Wildlife recording has been a popular past time in the UK for hundreds of years, with tens of thousands of people take part in citizen science projects every year.
Citizen science projects look at many different aspects of the natural environments, from the Woodland Trusts Big Bluebell Watch, RSPB’s Big Garden Bird Watch, and OPAL’s wide variety of natural environment surveys. This sort of research is very valuable to charities, as it provides us with information that can be used to detect trends and patterns in species populations. This can in turn tell us about other environmental factors such as pollution levels, climate change, and general habitat health or decline.
Citizen science, as the name suggests, is also a great way for members of the public to learn new skills and develop a greater understanding of the natural environment. Teaching people more about their environment helps them to get involved in conservation and increases understanding of the natural world, and how to help conserve it. Citizen science is also a great opportunity to spend some time in the great outdoors and to meet new people.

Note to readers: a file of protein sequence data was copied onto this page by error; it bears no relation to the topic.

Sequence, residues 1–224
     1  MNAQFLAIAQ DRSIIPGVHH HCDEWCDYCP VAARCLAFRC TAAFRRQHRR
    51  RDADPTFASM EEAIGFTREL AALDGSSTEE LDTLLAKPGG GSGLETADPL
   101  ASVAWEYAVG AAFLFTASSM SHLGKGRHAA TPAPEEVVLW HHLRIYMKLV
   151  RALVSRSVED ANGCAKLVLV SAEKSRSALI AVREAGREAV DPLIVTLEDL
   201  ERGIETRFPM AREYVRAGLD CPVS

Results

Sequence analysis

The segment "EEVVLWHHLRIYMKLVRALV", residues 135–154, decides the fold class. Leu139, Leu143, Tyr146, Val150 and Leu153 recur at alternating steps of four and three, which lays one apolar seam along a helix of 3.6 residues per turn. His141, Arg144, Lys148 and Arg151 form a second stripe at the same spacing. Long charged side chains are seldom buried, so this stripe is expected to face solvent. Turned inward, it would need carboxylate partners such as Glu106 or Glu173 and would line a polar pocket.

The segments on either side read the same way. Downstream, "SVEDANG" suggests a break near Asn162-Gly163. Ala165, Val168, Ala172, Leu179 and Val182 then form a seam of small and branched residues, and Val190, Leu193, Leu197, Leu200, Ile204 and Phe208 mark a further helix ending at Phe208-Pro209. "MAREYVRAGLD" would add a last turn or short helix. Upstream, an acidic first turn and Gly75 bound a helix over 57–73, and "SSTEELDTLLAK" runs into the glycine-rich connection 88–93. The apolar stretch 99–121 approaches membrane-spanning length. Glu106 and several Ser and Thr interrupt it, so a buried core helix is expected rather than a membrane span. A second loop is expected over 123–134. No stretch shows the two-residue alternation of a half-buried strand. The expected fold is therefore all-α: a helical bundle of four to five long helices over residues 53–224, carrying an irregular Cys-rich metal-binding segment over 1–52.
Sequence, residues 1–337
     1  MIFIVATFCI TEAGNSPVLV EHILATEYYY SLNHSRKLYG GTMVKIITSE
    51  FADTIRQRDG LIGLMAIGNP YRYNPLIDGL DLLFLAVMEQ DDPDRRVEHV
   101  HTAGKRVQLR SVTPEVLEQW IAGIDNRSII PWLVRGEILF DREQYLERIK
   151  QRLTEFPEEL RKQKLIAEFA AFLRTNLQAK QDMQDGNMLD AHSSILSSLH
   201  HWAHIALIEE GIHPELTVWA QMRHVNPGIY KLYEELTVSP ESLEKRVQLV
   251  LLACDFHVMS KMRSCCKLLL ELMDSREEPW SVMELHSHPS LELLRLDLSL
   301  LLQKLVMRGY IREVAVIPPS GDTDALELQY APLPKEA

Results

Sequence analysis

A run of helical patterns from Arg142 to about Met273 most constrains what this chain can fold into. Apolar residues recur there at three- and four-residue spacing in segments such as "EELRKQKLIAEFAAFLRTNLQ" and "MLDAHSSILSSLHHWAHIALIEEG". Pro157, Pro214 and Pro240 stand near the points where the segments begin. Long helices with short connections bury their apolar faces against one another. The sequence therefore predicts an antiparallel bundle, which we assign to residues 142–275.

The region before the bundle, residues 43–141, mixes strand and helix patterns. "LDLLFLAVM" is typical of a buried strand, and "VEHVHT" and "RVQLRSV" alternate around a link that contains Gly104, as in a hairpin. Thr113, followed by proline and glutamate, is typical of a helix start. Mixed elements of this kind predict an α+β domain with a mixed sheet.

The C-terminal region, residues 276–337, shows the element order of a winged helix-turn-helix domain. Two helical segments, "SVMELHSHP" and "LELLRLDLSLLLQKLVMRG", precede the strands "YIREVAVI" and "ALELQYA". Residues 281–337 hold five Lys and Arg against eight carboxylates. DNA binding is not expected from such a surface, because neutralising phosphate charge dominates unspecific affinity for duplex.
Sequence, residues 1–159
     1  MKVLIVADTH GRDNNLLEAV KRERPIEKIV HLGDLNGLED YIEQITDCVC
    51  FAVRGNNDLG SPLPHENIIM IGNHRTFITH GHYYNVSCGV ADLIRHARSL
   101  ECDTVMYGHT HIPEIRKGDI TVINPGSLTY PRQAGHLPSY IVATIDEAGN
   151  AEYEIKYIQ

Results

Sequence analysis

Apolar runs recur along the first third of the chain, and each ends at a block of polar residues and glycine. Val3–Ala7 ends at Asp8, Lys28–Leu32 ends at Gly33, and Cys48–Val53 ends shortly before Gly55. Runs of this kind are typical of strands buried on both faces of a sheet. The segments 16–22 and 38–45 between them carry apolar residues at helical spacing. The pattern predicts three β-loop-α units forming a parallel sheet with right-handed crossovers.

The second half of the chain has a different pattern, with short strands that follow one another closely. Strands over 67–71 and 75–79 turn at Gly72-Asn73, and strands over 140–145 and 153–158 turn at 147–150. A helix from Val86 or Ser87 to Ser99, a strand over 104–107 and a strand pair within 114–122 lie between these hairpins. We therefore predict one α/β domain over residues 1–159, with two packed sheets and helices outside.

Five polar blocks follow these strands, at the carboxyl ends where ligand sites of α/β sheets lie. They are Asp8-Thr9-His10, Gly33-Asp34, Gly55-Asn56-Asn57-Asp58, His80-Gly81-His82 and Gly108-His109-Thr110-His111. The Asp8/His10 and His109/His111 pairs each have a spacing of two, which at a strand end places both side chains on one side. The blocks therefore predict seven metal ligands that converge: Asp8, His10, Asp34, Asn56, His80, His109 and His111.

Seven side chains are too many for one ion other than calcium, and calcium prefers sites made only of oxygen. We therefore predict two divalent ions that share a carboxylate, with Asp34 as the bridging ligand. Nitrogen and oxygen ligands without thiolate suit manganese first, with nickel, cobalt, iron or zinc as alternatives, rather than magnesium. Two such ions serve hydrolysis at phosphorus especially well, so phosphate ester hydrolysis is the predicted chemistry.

The Ribble Rivers Trust runs their own citizen science project, alongside the Riverfly Partnership. Every year we run two workshops a year to train new volunteers who then survey the rivers looking for the larvae of three key groups of riverflies- upwing mayflies, stoneflies, and caddisflies. These riverflies aren’t just fish and bird food, they are also sensitive to pollution, and so the more riverflies there are, the less pollution there is likely to be. As the riverflies don’t tend to move around, are present throughout the year, and spend a long time as larvae they are a great reflector of river health.
In order to count the abundance of riverflies a timed kick sample is taken from the river, the riverflies are then identifies and calculated and the ‘score’ for each species is calculated. The results are then sent to the Trust who use them to monitor river health and potential pollution levels. This data is also the first point of reference when looking at which sites we should monitor further or carry out habitat improvement work on.
The Ribble Rivers Trust currently have almost 40 regular monitors, but we are always looking for more help. If this sounds like something you would like to become involves in please visit the Ribble Rivers Trust website for more information or email us at firstname.lastname@example.org.